Bad teammates are always going to be an issue when solo, duo or even trio queueing. Not only can it hinder our results, but it can severely effect how we improve. To deal with bad teammates directly can be an absolute nightmare. Not only is it frustrating, but there just isn’t enough time to reasonably do it in a game. Not to mention it feels like every time you get closer to the point, they move further away from it.
That’s why the absolute best way to deal with bad teammates, is to not deal with them at all.
Every moment you spend focusing on what your teammates could have done is a moment you aren’t spending on winning the game. Clutch factor, comeback factor and other forms of winning get pushed to the side in favor of analyzing another player’s performance.
Remember that at the end of the day, the improvement you want has to be obtained by you. Putting forth as much effort as you can to that specific task is how you will see improvement. Below is a video that goes into great detail about How to Deal with Bad Teammates. If you would like to have a more written explanation leave a comment on the video!
Main Take aways
No matter what, your teammates skill level has no effect on you. If they are in silver and you are on your way to gold. Then chances are you’ll never see them again.
The human mind can only hold one idea or thought at a time. Using that energy to focus on something other than how you can win the game, how you can improve, or what you could do differently after the game only stands to affect how you improve.
When you know games are completely lost. Recapture your time by practicing and experimenting. Set yourself up for the next game. It’s one thing to lose to your opponent, it’s another to lose to your teammate, but never lose to yourself. Recapture your time.
When doing our research and writing our blogs, we often pull from sources outside of eSports. Citing Sport Psychology, or traditional sport comparisons. However, we find it incredibly important to also hear it from the players themselves. Not only does it help us confirm the methods we write about, but it also helps us gain different perspectives that we can share with you. Something we’ve wanted to do for a long time is reach out to Free Agent players, and help them get exposure. Making it in this industry can be difficult for people without large followings.
Free agent players can also come with a different perspective. Since they aren’t signed by a team, they have the potential to bring a lot of ‘hunger’ in the way they operate. They are incredibly fascinating, and unfortunately we usually only get to know about them after they have been signed. We miss all of that sweat that goes on behind the scenes.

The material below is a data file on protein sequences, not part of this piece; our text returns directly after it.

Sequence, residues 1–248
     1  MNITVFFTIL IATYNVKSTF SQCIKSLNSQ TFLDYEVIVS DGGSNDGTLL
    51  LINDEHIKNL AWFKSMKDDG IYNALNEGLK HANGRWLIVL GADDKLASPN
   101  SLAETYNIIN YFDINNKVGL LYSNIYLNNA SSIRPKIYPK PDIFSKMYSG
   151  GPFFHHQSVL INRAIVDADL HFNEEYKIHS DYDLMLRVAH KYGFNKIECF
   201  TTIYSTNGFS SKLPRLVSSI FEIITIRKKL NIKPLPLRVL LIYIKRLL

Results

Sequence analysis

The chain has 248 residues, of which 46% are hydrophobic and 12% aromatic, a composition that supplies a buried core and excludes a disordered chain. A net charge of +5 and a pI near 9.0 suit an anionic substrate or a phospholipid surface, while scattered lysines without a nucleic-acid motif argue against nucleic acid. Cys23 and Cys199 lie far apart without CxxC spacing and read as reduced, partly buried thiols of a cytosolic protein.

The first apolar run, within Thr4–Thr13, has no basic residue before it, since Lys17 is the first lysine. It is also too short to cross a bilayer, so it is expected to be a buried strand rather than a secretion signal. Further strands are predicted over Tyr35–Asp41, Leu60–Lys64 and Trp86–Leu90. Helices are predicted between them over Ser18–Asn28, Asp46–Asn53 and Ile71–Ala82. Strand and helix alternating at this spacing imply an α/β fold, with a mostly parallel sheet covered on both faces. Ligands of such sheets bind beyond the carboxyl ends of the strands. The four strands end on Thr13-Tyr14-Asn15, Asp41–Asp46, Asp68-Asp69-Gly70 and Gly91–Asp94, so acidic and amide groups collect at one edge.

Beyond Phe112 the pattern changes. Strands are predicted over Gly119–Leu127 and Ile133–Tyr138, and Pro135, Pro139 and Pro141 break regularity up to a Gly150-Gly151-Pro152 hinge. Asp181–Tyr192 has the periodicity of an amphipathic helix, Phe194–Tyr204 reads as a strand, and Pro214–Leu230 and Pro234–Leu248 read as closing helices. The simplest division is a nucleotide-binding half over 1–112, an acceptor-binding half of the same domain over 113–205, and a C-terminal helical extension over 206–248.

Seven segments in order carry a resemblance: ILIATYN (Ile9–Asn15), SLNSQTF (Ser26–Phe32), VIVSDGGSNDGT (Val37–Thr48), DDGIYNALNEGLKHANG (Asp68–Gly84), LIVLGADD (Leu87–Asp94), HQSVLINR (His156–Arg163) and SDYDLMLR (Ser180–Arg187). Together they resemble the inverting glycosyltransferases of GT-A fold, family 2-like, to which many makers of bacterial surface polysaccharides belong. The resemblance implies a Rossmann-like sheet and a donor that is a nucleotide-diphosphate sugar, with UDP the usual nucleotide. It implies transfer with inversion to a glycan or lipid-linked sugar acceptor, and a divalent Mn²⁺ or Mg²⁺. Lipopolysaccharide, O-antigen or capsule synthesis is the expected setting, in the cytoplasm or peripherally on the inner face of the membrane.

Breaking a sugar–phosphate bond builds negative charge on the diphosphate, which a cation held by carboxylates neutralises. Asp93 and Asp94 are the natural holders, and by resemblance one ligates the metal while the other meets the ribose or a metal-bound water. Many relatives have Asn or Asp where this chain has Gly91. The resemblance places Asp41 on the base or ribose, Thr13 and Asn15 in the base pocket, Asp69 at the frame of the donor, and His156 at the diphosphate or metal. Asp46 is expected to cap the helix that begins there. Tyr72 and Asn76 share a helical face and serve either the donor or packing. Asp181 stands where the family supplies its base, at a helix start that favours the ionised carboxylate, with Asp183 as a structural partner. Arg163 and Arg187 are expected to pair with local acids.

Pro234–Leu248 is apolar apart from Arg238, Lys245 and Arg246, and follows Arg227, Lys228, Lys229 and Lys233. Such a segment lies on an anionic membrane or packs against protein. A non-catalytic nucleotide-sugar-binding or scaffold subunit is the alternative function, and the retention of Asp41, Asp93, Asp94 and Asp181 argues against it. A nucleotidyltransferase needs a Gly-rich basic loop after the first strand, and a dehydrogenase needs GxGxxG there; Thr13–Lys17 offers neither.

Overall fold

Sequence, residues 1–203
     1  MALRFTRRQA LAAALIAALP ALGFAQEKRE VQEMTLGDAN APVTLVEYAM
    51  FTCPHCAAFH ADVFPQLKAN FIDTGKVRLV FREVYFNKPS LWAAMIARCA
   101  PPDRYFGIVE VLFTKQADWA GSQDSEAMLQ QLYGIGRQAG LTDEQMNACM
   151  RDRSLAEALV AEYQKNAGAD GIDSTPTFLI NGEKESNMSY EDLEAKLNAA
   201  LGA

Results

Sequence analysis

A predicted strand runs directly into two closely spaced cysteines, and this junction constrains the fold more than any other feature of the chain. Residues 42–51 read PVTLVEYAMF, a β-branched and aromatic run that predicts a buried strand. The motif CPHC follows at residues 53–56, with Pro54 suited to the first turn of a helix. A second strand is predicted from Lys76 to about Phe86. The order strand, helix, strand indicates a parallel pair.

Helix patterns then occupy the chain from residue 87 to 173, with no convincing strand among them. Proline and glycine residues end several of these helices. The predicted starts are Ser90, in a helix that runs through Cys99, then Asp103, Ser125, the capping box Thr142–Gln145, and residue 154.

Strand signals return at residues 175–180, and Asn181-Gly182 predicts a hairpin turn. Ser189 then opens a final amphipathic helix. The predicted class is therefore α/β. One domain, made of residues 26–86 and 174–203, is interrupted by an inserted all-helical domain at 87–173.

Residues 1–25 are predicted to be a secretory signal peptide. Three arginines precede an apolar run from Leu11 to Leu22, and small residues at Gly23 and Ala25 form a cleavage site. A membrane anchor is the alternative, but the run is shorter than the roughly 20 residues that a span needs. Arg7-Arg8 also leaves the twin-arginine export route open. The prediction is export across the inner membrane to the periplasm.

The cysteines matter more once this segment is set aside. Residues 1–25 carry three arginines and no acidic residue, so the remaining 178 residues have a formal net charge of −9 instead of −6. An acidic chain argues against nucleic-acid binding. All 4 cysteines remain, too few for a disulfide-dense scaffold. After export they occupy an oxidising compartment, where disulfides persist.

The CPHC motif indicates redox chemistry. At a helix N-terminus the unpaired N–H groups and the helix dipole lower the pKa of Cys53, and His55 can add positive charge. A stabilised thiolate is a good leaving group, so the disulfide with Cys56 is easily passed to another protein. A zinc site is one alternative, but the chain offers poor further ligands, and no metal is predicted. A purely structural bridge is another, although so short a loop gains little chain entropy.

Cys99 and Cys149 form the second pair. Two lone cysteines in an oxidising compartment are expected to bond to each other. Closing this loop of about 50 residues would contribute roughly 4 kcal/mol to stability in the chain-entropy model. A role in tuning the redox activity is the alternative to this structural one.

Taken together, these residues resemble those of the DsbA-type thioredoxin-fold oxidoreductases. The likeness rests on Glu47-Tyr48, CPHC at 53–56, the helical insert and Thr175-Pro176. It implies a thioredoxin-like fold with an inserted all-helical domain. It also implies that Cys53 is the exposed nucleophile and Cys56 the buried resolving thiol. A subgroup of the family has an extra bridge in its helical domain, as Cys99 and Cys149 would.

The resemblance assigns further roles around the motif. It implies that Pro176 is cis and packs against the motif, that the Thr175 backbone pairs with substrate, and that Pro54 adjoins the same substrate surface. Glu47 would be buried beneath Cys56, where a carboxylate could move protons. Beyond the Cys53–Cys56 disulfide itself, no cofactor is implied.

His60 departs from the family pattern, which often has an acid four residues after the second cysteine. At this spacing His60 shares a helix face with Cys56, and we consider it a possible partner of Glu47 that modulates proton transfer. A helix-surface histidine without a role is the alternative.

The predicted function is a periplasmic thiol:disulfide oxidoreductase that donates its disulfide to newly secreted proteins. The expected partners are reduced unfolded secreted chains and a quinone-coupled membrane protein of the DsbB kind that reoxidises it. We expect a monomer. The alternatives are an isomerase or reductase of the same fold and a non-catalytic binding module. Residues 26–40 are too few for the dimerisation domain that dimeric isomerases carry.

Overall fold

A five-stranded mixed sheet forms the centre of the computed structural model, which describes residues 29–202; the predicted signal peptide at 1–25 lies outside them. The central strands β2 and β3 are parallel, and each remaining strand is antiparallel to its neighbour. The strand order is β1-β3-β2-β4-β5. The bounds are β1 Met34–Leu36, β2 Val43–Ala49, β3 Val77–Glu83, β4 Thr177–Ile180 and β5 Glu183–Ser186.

So we interviewed ‘Wishes’. An 18 year old Smash Ultimate, and Fortnite player who resides in New Jersey. He is currently one of the best Smash Ultimate Players in New Jersey, and an active streamer. He had some incredible insight on the improvement mindset, tournament endurance and motivation.Check out this snippet below, and then listen to the whole interview!
Z: You can’t even go to a tournament a Smash Tournament these days without seeing a prefix before someone’s name (a sponsor title). But you aren’t sponsored right now? Is there a reason why?
W: I’ve had offers in the past. I want to be on a team that I’m proud to rep, and proud to rep their brand. I don’t really play for money, if I was playing for money I probably wouldn’t be playing Smash. I’m kind of just waiting for a tier 1 team or a team that I’m really proud to be on.Continue Reading–>
In this episode of The Canal Live we take a small break from the serious growth conversations. Over the past couple of weeks FeNriR’s computer hasn’t been working, so we attempt to replace his motherboard. We end up discussing excitement for Smash Ultimate, general meta stuff, and we talk about the future of Free Agency eSports.
In this episode of The Canal Live we show you how to breakdown your replays and apply immediate impact from them. We talk about our previous experiences in replay viewing. After that we break down one of my recent Dota 2 matches while I take notes.
In this episode of The Canal Live we discuss the Recognition Primed Decision Model. How it applies to what we believe is Game Sense, and tips to improve. We gently touch on Team Communication in match making, and tell some of our adventures in chatting with random players.
Due to a power outage during the podcast, we were only able to salvage the last 18 min of our recording. In this episode we went into detail about what a Skill Gap is. What the ideal game looks like, and what the current state of gaming is. Why you should play Meta, and how certain feedback loops work.
This is a special episode of the Canal: After Dark where we break away from our normal programming and bring you a more free flowing conversation. Be advised, there is strong language. You can hear our various takes on mentality and mindset. We will be bringing content like this more often, but would love your feedback! You can visit our contact form here! Catch us live every Thursday at www.twitch.tv/freeagencyesports where we demonstrate the things we teach.
For our episode of The Canal, we discuss the importance of goal setting, and demonstrate how to do it effectively. We include personal experiences, anecdotes and a power point presentation. You can skip to the discussion around the 1 hour mark. If you want to catch us live you can at www.twitch.tv/freeagencyesports. If you enjoy the content, or learn anything share, subscribe and comment!Thank you.
This is our first live podcast broadcast at www.twitch.tv/freeagencyesports. Discussion starts around the 30:00min mark. In this episode we discuss the importance of time management in greater detail and outline our personal experiences. We also touch on some new topics as well. If you enjoy the content or learn anything drop us a subscribe and a comment!